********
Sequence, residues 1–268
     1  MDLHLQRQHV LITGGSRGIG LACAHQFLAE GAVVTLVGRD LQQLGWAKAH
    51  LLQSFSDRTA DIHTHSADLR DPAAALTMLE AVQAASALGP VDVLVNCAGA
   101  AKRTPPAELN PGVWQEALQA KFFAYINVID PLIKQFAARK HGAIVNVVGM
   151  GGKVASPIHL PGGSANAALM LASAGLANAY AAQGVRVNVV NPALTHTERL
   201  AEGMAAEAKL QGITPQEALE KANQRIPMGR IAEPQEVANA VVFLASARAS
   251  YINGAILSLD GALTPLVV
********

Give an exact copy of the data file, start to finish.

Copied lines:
Sequence, residues 1–268
     1  MDLHLQRQHV LITGGSRGIG LACAHQFLAE GAVVTLVGRD LQQLGWAKAH
    51  LLQSFSDRTA DIHTHSADLR DPAAALTMLE AVQAASALGP VDVLVNCAGA
   101  AKRTPPAELN PGVWQEALQA KFFAYINVID PLIKQFAARK HGAIVNVVGM
   151  GGKVASPIHL PGGSANAALM LASAGLANAY AAQGVRVNVV NPALTHTERL
   201  AEGMAAEAKL QGITPQEALE KANQRIPMGR IAEPQEVANA VVFLASARAS
   251  YINGAILSLD GALTPLVV